As is often the case with an idea that becomes a movement, Father Patrick Desbois’ interest in seeking out the dead originated with a personal quest. His grandfather Claudius Desbois was a French soldier who was deported during World War II and held as a prisoner of war in Rawa Ruska, a small village on the border dividing Poland and Ukraine. After his return, Desbois’ grandfather never spoke of his experiences.
So, as an adult, Father Patrick Desbois traveled to Rawa Ruska and began asking questions.
“First it was a family investigation, and I realized there were no Jews buried in the village to which he was deported,” Desbois said. Yet, he discovered that “they had killed 18,000 Jews” there. “Afterward, people said, ‘Why don’t you go to the Ukraine. Why don’t you go to Belarus.’ In effect, it’s a criminologist’s investigation now, but we’re not trying to find the killers. We’re trying to find the victims.”
Desbois is not looking for Jews murdered in the notorious gas chambers of Auschwitz, but rather for evidence of mass shootings of Jews in villages and towns throughout Eastern Europe. Evidence of his horrific findings is on display at the Los Angeles Museum of the Holocaust (LAMOTH) in Pan Pacific Park, where the exhibition “Holocaust by Bullets” continues through March 15. Co-presented with Desbois and his nonprofit organization Yahad-In Unum, the exhibition charts 10 years of research into the Nazis’ systematic massacre of Jews, that began in June 1941, before the creation of extermination camps, on-site mass killings that continued to the end of World War II. More than 2 million Jews were exterminated in this way.
Our Sherlock Holmes in this instance is a somewhat unlikely figure: a bespectacled French Catholic priest with a 5 o’clock shadow who has devoted his life and career to Holocaust research, combating anti-Semitism and furthering the relationship between Catholics and Jews. Desbois has been honored by the U.S. States Department of State, and he has won the B’nai B’rith International Award for Outstanding Contribution to Relations With the Jewish People, among other accolades.
The work of Yahad-In Unum (combining the Hebrew word yahad meaning “together” and the Latin phrase in unum meaning “in one”) is part of a groundswell, according to LAMOTH Executive Director Samara Hutman.
“We saw global activity after the [Adolf] Eichmann trials, in much the same way that people come out of the woodwork after a woman files a rape charge on a college campus,” Hutman said. “There is a domino effect, and Father Desbois is opening a window on this whole field of study.”
From 2004 to 2014, Desbois and his investigative team conducted more than 4,000 interviews. They have turned up more than 1,380 mass gravesites, in many cases paving the way for descendants of the dead to return and erect monuments.
“Families come to us and ask us, ‘In which mass grave is my father? In which mass grave is my rabbi?’ ” Desbois said. “If we can reconnect them with a village, they can go there and say Kaddish for the first time.”
“Holocaust by Bullets” shows the faces and recorded words of the mostly non-Jewish survivors who witnessed German soldiers rounding up Jews and preparing them for mass executions. Some watched from their nearby farms or climbed trees to gain a better view. Others were enlisted to dig mass graves or to fill them in once the killings had concluded. Whether in printed accounts or on tape, the memories are graphic and disturbing, intended to make the visitor a direct witness to the crime as well, according to Desbois.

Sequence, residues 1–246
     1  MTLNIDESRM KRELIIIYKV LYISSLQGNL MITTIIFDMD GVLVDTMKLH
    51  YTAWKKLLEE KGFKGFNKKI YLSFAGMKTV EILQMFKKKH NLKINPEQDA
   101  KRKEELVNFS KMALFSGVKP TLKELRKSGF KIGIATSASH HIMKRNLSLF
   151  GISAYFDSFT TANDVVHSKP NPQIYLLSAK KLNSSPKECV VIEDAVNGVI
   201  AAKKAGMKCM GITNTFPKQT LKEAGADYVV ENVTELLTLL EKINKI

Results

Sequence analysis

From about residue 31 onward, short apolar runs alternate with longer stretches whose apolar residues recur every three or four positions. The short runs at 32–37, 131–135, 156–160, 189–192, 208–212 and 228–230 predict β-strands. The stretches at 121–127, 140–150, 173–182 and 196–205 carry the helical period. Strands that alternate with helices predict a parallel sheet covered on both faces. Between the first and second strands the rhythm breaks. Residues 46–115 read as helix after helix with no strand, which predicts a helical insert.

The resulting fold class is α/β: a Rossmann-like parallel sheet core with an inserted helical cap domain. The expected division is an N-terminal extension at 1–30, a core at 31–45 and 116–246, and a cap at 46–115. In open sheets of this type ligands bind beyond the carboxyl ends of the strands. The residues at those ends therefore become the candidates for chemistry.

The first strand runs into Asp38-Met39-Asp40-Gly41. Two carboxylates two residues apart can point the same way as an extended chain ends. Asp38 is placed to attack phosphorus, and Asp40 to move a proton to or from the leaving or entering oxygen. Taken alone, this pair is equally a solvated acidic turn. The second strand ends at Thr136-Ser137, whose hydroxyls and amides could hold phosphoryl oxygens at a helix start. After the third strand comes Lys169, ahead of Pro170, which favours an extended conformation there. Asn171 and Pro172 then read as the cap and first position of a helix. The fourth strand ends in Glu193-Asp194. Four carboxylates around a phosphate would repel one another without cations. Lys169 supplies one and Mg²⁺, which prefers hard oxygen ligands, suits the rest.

The exhibition maintains that the Nazis’ mobile killing units swept across Eastern Europe, in each village employing the same five-step process (arresting, transporting, undressing, shooting, looting), from country to country. Photographs of the shootings — selected from approximately 400 snapshots Desbois’ researchers have recovered — were often used as propaganda or sent by German soldiers to their wives and girlfriends, Desbois said.
“It was very public, and that’s why it’s strange that nobody seemed to know about the killings,” Desbois said. “My hypothesis is that the more people show violence, the less people want to know. For me, a secret is not something you don’t know. It’s something you don’t want to know.”
In addition to the potential of Yahad-In Unum’s work to help descendants of the victims gain information and heal, “Holocaust by Bullets” has an anthropological function. Those mobile death units have continued to serve as a model for genocidal practices throughout the world, from Cambodia to Rwanda, from Syria to Darfur.
“Even non-Jews who come see this exhibition will recognize that this is something that happened in another mass crime as well,” said Marco Gonzalez, director of Yahad-In Unum. “Hopefully, people will be better aware that this is happening elsewhere and can end up as genocide.”
Desbois chronicled his work in the 2009 book “The Holocaust by Bullets: A Priest’s Journey to Uncover the Truth Behind the Murder of 1.5 Million Jews.” A teaching guide accompanies the exhibition, and Desbois emphasizes that even after a decade, Yahad- In Unum’s work is far from finished. He estimates that documentation of the deaths of close to 1 million Jews, mostly from Russia, is still missing, and the window for finding living, credible witnesses to these mass exterminations — even the children who saw what happened 60 years ago — is quickly closing.
“There is a responsibility we have to teach the next generation,” Desbois added. “We are not building an Auschwitz now, but ISIS is shooting and bombing, killing people one by one and showing the images. There is a connection between the responsibility for yesterday and the responsibility for today. Otherwise, which world are we building?”
“Holocaust by Bullets,” through March 15
Los Angeles Museum of the Holocaust
100 S. The Grove Drive
Los Angeles, CA 90036